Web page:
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Geese As Guard Dogs? Yep, And They Just Might Be Better At It, Too

Geese As Guard Dogs? Yep, And They’re Better At It, Too

Image source: Pixabay.com

A well-trained guard dog can be an excellent addition to any home security plan. The dog is an active, living threat that can alert you of danger, deter potential attackers and actively defend your home if needed. But training an effective guard dog can be time-intensive, and selecting just the right candidate can be tricky.

What if I told you there were guard dogs that did not need to be trained? Guard dogs that instinctively alarm at strangers, attack intruders, all the while laying tasty eggs and producing rich beef-flavored red meat? Sounds too good to be true? Perhaps you’ve never met a guard goose.

Geese have many instinctive traits that make them better guards than either humans or dogs, and all without any special training. They have been used as a low-tech security solution for centuries, and are still used to protect police stations in China and to patrol prison yards in Brazil.

Naturally Territorial

Geese, especially male geese, are exceptionally territorial. While most domestic geese can still fly, they don’t. Once a location has been established as home base, they’ll fight to the death to defend it from intruders. Geese are commonly used for flock defense (for other poultry) from predators as big as coyotes.

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They imprint as chicks on both their owners and the other birds or animals around them and identify them as part of the flock. Anyone or anything else is liable to be viciously attacked on sight.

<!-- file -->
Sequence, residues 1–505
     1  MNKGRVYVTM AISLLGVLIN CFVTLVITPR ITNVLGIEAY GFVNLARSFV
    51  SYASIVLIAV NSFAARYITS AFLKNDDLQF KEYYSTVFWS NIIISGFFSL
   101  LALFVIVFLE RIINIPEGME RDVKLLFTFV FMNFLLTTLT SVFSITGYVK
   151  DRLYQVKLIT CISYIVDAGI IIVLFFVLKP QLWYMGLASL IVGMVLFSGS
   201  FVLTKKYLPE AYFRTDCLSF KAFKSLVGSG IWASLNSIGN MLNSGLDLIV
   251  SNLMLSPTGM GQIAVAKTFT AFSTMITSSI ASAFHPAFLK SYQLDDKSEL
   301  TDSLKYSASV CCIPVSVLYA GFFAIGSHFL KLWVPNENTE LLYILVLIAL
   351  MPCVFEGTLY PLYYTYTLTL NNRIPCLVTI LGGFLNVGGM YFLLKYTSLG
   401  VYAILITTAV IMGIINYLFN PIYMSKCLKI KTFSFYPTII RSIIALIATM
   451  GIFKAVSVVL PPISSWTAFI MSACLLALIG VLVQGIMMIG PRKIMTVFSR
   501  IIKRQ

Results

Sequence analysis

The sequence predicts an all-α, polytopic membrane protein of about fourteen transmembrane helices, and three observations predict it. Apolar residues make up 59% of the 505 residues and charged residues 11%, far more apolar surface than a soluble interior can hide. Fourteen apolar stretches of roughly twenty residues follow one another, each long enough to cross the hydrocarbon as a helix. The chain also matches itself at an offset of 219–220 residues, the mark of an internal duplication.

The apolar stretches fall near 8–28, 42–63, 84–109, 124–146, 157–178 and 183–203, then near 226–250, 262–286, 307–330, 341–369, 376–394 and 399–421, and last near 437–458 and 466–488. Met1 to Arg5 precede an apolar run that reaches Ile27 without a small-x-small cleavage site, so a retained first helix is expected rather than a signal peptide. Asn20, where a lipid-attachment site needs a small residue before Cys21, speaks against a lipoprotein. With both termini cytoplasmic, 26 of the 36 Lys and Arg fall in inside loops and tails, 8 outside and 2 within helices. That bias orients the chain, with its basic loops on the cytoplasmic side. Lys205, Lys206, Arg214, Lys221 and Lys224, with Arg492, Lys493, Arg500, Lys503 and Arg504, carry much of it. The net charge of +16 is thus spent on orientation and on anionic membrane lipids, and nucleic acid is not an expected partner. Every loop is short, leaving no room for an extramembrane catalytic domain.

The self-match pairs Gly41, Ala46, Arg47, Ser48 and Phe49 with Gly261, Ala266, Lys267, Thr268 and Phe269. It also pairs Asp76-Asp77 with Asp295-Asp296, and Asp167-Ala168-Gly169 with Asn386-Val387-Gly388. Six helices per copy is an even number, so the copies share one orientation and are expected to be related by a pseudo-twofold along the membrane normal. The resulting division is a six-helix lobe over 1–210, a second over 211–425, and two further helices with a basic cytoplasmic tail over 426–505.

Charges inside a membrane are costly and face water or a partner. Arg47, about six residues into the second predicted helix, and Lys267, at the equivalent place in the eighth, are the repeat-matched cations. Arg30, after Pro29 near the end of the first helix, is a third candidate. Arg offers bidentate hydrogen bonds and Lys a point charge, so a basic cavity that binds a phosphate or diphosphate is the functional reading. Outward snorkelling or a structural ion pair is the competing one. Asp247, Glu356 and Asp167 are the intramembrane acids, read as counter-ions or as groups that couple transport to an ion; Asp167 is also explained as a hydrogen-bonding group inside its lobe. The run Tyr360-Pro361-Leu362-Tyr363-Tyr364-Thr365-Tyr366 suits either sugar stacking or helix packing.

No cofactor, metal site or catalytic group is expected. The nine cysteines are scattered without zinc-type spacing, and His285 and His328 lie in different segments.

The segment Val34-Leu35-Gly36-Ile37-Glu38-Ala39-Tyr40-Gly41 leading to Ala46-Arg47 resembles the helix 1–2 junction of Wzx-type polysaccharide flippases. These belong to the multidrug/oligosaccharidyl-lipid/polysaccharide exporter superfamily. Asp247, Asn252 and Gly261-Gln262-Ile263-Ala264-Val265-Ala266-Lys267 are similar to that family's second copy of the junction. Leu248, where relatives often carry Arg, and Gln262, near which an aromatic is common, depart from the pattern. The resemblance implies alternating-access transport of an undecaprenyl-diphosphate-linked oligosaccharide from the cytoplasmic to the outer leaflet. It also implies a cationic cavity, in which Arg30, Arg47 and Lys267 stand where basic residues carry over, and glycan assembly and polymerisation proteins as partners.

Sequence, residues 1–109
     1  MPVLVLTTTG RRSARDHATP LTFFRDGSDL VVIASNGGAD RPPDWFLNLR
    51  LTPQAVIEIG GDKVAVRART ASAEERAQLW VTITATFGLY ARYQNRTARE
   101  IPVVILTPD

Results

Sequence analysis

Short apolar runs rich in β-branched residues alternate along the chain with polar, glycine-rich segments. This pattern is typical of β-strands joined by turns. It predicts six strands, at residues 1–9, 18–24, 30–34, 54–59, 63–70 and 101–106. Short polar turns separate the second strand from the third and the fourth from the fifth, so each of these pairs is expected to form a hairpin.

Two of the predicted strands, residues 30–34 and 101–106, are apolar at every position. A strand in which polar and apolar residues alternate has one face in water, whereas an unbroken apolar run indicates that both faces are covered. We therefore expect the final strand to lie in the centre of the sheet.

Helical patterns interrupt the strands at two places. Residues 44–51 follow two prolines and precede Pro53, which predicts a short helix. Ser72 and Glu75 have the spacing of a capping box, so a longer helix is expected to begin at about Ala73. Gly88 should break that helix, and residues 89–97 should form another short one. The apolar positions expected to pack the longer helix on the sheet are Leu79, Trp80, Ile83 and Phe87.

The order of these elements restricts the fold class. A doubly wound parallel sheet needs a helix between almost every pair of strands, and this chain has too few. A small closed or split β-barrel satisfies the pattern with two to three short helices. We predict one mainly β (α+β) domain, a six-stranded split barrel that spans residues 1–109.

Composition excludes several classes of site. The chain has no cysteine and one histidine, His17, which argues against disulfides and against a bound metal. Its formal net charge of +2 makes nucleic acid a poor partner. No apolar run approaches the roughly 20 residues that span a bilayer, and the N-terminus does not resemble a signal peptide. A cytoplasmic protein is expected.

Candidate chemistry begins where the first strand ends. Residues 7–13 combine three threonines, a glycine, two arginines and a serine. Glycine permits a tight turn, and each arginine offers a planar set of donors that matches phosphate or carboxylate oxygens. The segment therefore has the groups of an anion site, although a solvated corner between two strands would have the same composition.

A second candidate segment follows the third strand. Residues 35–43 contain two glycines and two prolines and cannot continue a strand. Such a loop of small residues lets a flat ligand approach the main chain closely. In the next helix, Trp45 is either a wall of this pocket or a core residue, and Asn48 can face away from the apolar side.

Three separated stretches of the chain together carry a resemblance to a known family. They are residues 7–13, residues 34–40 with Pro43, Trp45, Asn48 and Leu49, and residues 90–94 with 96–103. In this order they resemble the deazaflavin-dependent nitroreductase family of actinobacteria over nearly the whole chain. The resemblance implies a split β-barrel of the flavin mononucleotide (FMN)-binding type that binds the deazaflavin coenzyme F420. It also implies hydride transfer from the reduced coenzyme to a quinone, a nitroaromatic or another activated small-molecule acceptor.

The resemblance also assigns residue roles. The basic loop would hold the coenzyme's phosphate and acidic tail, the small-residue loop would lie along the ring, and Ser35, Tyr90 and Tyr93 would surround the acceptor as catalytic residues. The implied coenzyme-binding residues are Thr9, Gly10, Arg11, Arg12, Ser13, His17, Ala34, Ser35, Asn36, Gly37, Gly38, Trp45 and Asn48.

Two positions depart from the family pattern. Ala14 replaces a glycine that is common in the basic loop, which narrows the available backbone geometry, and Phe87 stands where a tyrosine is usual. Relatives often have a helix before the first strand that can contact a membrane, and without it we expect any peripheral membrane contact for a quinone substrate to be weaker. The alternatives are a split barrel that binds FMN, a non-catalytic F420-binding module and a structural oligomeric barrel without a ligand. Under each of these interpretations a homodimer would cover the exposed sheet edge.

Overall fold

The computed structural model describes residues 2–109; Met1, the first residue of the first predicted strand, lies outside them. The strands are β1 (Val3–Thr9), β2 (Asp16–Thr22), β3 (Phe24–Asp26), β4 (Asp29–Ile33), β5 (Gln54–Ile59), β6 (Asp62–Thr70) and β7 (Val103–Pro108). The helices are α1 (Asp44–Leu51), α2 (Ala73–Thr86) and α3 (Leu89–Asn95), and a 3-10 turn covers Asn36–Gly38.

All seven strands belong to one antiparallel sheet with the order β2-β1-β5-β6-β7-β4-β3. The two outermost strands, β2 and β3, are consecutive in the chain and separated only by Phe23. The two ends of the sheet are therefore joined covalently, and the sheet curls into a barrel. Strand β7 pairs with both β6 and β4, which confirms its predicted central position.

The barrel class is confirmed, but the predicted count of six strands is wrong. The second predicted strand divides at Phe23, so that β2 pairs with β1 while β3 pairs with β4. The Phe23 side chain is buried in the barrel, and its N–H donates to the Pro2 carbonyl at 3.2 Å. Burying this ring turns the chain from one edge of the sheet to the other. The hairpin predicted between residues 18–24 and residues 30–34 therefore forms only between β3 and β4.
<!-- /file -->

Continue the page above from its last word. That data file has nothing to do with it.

Superior Eyesight & Hearing

With better eyesight than both humans and dogs, and exceptional hearing, they’re perfect for detecting threats both day and night. Geese can see in the ultraviolet spectrum, and with widely spaced eyes on the sides of their head, their field of view is exceptional.

Unstoppable Alarm Capability

Geese As Guard Dogs? Yep, And They’re Better At It, Too

Image source: Pixabay.com

Anyone who has ever lived near domestic geese knows they can be exceptionally loud. Once they’ve detected an intruder, there’s no stopping their alarm. While a poorly trained dog can be deterred by tossing it a steak, geese actually get louder when fed. Toss anything in their direction, and the moving object will only strengthen their alarm instinct.

Crippling Attack Strength

As flock animals, they shouldn’t be kept individually. That means that you’ll have multiple guards defending territory. Each goose is armed with a sharp serrated beak capable of inflicting significant damage. The beak, however, is the least of your worries. Goose wings are equipped with bony club -like knobs at the wrists, and once they’re within range, they begin beating their opponent with a force capable of breaking bones. Humans venturing too close to wild goose nests have had arms broken, as well as severe head trauma. These injuries from wild geese are only a sampling of the capacity of a much larger domestic goose. The biggest wild geese only grow to roughly 9 pounds, whereas domestic geese have a lot more girth behind their punch, weighing in at up to 22 pounds.